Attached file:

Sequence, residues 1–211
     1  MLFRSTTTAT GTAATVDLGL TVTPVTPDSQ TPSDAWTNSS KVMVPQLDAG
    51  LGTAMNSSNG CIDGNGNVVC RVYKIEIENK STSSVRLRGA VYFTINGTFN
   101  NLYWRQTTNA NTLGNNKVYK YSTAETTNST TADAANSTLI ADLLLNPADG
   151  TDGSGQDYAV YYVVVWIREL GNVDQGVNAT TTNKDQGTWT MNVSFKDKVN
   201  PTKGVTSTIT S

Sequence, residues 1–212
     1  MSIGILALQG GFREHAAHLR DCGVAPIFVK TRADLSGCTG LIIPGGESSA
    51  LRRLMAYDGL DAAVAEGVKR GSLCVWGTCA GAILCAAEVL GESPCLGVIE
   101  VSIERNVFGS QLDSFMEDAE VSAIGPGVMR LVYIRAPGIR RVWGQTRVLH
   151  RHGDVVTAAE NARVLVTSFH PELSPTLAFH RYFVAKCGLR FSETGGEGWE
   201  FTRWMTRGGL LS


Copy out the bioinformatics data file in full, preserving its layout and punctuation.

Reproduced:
Sequence, residues 1–211
     1  MLFRSTTTAT GTAATVDLGL TVTPVTPDSQ TPSDAWTNSS KVMVPQLDAG
    51  LGTAMNSSNG CIDGNGNVVC RVYKIEIENK STSSVRLRGA VYFTINGTFN
   101  NLYWRQTTNA NTLGNNKVYK YSTAETTNST TADAANSTLI ADLLLNPADG
   151  TDGSGQDYAV YYVVVWIREL GNVDQGVNAT TTNKDQGTWT MNVSFKDKVN
   201  PTKGVTSTIT S

Sequence, residues 1–212
     1  MSIGILALQG GFREHAAHLR DCGVAPIFVK TRADLSGCTG LIIPGGESSA
    51  LRRLMAYDGL DAAVAEGVKR GSLCVWGTCA GAILCAAEVL GESPCLGVIE
   101  VSIERNVFGS QLDSFMEDAE VSAIGPGVMR LVYIRAPGIR RVWGQTRVLH
   151  RHGDVVTAAE NARVLVTSFH PELSPTLAFH RYFVAKCGLR FSETGGEGWE
   201  FTRWMTRGGL LS